International Prison Law and Standards
Panopticon Consulting will use its knowledge and experience, gained during previous projects, to tailor our work to ensure that your specific outputs are delivered on time and within budget and that the project's desired outcomes are achieved. Please contact us to discuss your specific requirements.
In most jurisdictions, the prison regulatory framework consists primarily of a Law, a set of Rules (Regulations), and detailed Standard Operating Procedures (SOPs). The Prison Law should set out the overarching framework and principles for the operation of the prison system. Prison Rules can perform a number of functions, depending on the jurisdiction. They can: set out the policy for subjects not covered in Prison Law; clarify and resolve ambiguity in the Prison Law; and provide additional detail on subjects included in the in the Prison Law. Each jurisdiction should decide, as a matter of policy, what should be included in the Rules and what should be left to SOPs. Rules tend to focus on the 'what' should be done, while SOPs focus on the detailed 'how' things should be done.
Panopticon Consulting supports jurisdictions to review, amend, re-write or write their prison regulatory framework. We base our work on international case law which recognises four aims as legitimate objectives for the imposition of prison sentences: retribution; deterrence; incapacitation; and social rehabilitation or reintegration. The balance between the elements varies between jurisdictions, but international law gives full recognition to prisoners' rights during the time that they are incarcerated. It has become an internationally recognised principle that people are sent to prison as a punishment, not for punishment. This means that no additional pains may be imposed on the prisoner, and that only a minimal interference with the fundamental rights and freedoms of the prisoner is legitimate.
A number of international instruments have a direct impact on the manner in which prisoners should be treated and managed. Panopticon Consulting particularly seeks to embed the key provisions of the following instruments in its work on prison regulatory frameworks:
- International Covenant on Economic, Social and Cultural Rights (ICESCR) (1966)
- International Covenant on Civil and Political Rights (ICCPR) (1966)
- Convention against Torture and Other Cruel, Inhuman or Degrading Treatment or Punishment(CAT)(1984)
- Convention on the Elimination of All Forms of Discrimination against Women (1979)
- Convention on the Rights of the Child (1989)
The prohibition against torture in international human rights law allows for no exceptions or derogations and is a general binding principle, jus cogens, which applies to states irrespective of whether they have ratified a particular treaty. The ICCPR is particularly important in the prison context as it goes further - prohibiting torture and cruel, inhuman or degrading treatment or punishment - and sets general standards for the treatment of prisoners. Its two key provisions should run through all penal regulation:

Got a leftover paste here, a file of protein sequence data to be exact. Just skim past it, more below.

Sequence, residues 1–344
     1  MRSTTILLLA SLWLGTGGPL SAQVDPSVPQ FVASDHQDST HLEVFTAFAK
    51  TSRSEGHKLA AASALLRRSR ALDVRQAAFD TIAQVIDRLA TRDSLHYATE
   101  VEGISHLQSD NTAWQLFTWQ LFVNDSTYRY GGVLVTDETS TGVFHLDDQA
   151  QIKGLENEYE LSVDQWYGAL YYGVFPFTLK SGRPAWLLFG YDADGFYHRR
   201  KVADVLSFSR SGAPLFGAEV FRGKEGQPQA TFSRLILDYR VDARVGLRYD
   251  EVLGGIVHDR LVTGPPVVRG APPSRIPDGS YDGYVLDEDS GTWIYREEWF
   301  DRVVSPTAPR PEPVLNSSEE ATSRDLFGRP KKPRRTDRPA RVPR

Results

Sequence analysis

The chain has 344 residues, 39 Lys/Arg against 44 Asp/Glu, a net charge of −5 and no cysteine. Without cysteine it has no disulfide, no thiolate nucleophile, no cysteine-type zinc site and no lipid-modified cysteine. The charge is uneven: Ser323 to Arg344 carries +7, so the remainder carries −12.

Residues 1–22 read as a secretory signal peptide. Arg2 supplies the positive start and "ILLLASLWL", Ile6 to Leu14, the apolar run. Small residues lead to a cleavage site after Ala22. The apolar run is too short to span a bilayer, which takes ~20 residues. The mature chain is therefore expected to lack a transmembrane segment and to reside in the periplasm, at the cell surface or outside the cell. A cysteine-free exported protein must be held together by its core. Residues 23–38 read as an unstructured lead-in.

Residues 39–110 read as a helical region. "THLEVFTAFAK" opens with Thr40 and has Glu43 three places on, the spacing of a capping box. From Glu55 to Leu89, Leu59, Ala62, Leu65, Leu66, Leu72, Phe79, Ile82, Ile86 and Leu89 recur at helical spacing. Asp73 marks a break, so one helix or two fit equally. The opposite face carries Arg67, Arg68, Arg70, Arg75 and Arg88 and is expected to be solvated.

"all persons deprived of their liberty shall be treated with humanity and with respect for the inherent dignity of the human person" Article 10(1).
"the penitentiary system shall comprise the treatment of prisoners, the essential aim of which shall be their reformation and social rehabilitation" Article 10(3).
These binding international instruments deal with imprisonment only in general terms. The propositions contained therein are very general and do not give a clear idea of what a human rights-driven prison system should look like. Panopticon Consulting uses the provisions in the more prison-specific international standards, norms and rules set out below to shape its detailed work on Prison Acts, Rules (Regulations) and Standard Operating Procedures:
- UN Standard Minimum Rules for The Treatment Of Prisoners (1955)
- UN Body of Principles For The Protection Of All Persons Under Any Form Of Detention Or Imprisonment (1988)
- UN Basic Principles for The Treatment Of Prisoners (1990)
- UN Rules For the Treatment Of Women Prisoners And Non-Custodial Measures For Women Offenders (The Bangkok Rules) (2010)
- UN Rules for The Protection Of Juveniles Deprived Of Their Liberty (1990)
- UN Guidelines For The Prevention Of Juvenile Delinquency (The Riyadh Guidelines) (1990)
- UN Standard Minimum Rules for The Administration Of Juvenile Justice (The Beijing Rules) (1985)
- United Nations Standard Minimum Rules for Non-Custodial Measures (The Tokyo Rules) (1990)